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When we free ourselves of desire,
we will know serenity and freedom.
1
Inferences about One Population
Mean
Estimation:
z interval
and t interval
Statistical tests: z test
and t test
2
Estimation
To estimate a numerical summary in population
(parameter):


3
Point estimator — A (same) numerical
summary in sample; a statistic
Interval estimator — a “random” interval
which includes the parameter most of time
Example: Serum Cholesterol Level





4
Population: all 20- to 74-year-old male
smokers in the U.S.
X: serum cholesterol level
Distribution: normal with unknown mean m
Sample: 12 randomly selected male smokers
with mean x  217 mg / 100ml
Question: what is the mean serum cholesterol
level of adults U.S. male smokers?
Confidence Interval
ˆL  ˆL (Y1 ,..., Yn )
ˆL  ˆL (Y1 ,..., Yn )
ˆL  ˆL ( X1 ,..., X n )
ˆU  ˆU ( X1 ,..., X n )
5
Ideally, a short interval with high confidence interval is preferred.
6
Estimation for m


Point estimator: x
Confidence interval
–
Normality with known s or large sample (n > 30) :
Z interval
x  z / 2
–
n
Normality with unknown s: t interval
x  t / 2
7
s
s
n
The t distribution

The distribution of t, the standardized sample
mean with estimated standard deviation for a
normal population
xm
t
s/ n
8
9
One Population
10
Sample Size for Estimating m
( z / 2 ) s
n
2
E
2
2
if s is unknown,
use s from prior
data or the upper
bound of s.
Where E is the largest tolerable error.
11
Hypothesis Test

The null hypothesis:
H 0 : m  m0  211mg / 100ml

The alternative hypothesis:
H a : m  211mg / 100ml
Question: Should we reject or not reject Ho?
12
The Logic of Hypothesis Test
“Assume the null hypothesis Ho is a
(possible) truth until proven false”
Analogical to
“Presumed innocent until proven guilty”
The logic of the US judicial system
13
Rejection Region



14
When the observed test statistic is too
“extreme” under Ho (i.e. in the opposite
direction of Ho), the Ho should be rejected
Rejection Region is the region when the
observed test statistic falls in, we will reject Ho
A test result is determined by its rejection
region, while rejection region is determined by
the significance level
Types of Errors
H0 true
we accept H0
we reject H0
Good!
(Correct!)
Type I
Error, or
“ Error”
H0 false
Type II
Error, or
“ Error”
Good!
(Correct)
15
Terms




16
 Type I error rate = probability of
incorrectly rejecting Ho
 Type II error rate = probability of
incorrectly accepting Ho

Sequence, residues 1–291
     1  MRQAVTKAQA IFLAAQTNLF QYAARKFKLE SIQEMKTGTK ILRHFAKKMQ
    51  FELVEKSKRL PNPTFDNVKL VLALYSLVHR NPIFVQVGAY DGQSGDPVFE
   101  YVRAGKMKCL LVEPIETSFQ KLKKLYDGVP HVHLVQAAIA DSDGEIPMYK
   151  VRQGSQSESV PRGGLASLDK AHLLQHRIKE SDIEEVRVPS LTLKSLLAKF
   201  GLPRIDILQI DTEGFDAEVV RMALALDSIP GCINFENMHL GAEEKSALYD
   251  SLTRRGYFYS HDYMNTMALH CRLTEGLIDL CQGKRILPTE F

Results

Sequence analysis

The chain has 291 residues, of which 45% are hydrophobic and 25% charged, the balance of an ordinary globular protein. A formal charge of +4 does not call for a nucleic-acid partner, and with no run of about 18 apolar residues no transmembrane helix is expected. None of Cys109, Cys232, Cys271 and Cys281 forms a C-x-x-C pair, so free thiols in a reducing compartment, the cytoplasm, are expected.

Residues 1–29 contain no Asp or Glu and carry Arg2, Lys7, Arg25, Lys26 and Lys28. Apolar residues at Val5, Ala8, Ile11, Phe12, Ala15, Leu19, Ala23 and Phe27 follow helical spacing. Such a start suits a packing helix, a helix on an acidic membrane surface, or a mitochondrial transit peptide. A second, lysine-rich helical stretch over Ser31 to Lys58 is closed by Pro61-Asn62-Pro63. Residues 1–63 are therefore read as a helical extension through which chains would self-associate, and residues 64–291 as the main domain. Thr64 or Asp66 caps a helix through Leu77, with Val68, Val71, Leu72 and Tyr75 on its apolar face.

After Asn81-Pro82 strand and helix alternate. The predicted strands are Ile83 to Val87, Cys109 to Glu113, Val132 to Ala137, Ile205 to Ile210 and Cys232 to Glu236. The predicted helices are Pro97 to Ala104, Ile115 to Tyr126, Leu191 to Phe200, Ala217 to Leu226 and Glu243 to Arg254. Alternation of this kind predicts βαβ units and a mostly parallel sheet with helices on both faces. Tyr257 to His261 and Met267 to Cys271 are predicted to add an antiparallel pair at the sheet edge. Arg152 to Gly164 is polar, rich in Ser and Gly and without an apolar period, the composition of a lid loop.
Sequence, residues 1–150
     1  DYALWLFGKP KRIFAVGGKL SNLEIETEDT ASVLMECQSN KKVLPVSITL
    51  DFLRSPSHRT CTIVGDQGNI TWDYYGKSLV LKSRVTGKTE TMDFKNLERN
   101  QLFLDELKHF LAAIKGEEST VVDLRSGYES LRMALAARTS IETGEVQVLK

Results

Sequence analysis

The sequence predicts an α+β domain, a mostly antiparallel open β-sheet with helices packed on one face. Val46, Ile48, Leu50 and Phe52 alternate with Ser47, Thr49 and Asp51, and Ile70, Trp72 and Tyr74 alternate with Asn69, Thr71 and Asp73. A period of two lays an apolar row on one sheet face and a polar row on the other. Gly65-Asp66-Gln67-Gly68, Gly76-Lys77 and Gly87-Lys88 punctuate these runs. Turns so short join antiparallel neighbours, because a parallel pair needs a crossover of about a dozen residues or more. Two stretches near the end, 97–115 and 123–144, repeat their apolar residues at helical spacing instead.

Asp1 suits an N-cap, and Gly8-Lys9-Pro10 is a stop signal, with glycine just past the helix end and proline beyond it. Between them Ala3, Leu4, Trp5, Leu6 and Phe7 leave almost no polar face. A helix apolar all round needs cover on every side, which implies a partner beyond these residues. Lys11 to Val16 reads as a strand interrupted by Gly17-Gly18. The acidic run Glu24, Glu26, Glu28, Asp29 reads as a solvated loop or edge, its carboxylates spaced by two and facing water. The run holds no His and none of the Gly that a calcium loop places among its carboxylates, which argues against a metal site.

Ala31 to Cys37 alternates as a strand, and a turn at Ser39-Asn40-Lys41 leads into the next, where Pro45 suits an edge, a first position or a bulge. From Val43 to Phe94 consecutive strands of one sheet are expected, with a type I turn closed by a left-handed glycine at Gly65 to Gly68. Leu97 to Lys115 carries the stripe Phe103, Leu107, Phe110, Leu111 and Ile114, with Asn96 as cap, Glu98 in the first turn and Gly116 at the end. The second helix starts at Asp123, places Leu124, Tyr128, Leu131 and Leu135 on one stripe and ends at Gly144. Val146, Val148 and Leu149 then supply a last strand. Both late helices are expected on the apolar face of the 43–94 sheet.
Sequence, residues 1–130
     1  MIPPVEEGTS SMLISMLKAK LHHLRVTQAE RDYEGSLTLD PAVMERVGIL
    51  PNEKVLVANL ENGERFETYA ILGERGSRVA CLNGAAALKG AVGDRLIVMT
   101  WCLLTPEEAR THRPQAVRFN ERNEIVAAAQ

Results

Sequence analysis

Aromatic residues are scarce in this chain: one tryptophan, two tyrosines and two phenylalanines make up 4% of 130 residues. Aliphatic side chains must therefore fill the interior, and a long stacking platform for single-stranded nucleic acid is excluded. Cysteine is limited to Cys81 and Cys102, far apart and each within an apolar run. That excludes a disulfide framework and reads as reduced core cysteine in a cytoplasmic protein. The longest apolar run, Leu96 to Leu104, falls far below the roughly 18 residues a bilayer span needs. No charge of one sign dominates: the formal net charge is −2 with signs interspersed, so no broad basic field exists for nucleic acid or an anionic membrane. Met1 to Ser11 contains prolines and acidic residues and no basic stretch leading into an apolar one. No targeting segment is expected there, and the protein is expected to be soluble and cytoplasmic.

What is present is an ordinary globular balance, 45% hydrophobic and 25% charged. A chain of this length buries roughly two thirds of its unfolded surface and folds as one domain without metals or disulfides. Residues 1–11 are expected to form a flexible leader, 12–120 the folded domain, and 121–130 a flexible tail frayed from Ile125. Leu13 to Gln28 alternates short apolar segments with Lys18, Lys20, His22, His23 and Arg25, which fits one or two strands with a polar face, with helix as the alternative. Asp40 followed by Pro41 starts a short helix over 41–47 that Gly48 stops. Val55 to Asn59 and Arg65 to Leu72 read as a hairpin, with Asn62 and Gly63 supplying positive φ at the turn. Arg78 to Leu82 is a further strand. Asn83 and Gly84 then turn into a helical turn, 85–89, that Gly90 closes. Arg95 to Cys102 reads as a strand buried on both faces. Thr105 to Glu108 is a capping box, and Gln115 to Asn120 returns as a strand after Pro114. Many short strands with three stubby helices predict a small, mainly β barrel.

Significance level is the pre-set largest
tolerable  level
Power = probability of correctly rejecting
Ho = 1-
Z Test Statistic
For normal populations or large samples (n > 30):
Z
x  m0
sx
x  m0

s/ n
And the computed value of Z is denoted by Z*.
17
Types of Tests
18
Types of Tests
19
Types of Tests
20
Example: Serum Cholesterol Level
21

Assuming the population S.D. is 46
mg/100ml, conduct the test at 5 % level

What is the power of the test at the true
m221 mg/100ml?
22
Steps in Hypothesis Test
1.
2.
3.
4.
5.
23
Set up the null (Ho) and alternative (Ha)
hypotheses
Find an appropriate test statistic (T.S.)
Find the rejection region (R.R.)
Reject Ho if the observed test statistic falls in
R.R.
Report the result in the context of the
situation
t Test Statistic

For normal populations with unknown s
x  m0
t
s/ n
the same formula for Z but replacing s by s
24
One Population
25
Sample Size for Testing m
The type I, II error rates are controlled
at ,  respectively and the maximum tolerable error is :
( z  z  ) s
2
One-tailed tests:
n

2
( z / 2  z  ) s
2
Two-tailed tests:
26
n
2

2
2
P-value




27
p-value is the probability of seeing what we observe as
far as (or further) from Ho (in the direction of Ha) given
Ho is true; the smallest  level to reject Ho
p-value is computed by assuming Ho is true and then
determining the probability of a result as extreme (or
more extreme) as the observed test statistic in the
direction of the Ha.
The smaller p-value is, the less likely that what we
observe will occur given Ho is true.
Smaller p-value means stronger evidence against Ho.
Computing the p-Value for the Z-Test
28
Computing the p-Value for the Z-Test
29
Computing the p-Value for the Z-Test
P-value = P(|Z| > |z*| )= 2 x P(Z > |z*|)
30
Hypothesis Test using p-Value
1.
2.
3.
4.
5.
31
Set up the null (Ho) and alternative (Ha)
hypotheses
Find an appropriate test statistic (T.S.)
Find the p-value
Reject Ho if the p-value < 
Report the result in the context of the
situation
Example: Serum Cholesterol Level

32
Assuming the population S.D. is 46
mg/100ml, conduct the test at 5 % level
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